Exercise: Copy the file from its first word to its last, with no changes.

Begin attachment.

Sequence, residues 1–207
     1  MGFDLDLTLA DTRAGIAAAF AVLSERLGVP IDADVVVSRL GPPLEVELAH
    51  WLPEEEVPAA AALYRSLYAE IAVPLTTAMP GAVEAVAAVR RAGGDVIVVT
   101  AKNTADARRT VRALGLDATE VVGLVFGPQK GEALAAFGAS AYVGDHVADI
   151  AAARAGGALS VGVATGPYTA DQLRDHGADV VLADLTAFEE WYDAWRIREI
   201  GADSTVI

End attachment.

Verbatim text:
Sequence, residues 1–207
     1  MGFDLDLTLA DTRAGIAAAF AVLSERLGVP IDADVVVSRL GPPLEVELAH
    51  WLPEEEVPAA AALYRSLYAE IAVPLTTAMP GAVEAVAAVR RAGGDVIVVT
   101  AKNTADARRT VRALGLDATE VVGLVFGPQK GEALAAFGAS AYVGDHVADI
   151  AAARAGGALS VGVATGPYTA DQLRDHGADV VLADLTAFEE WYDAWRIREI
   201  GADSTVI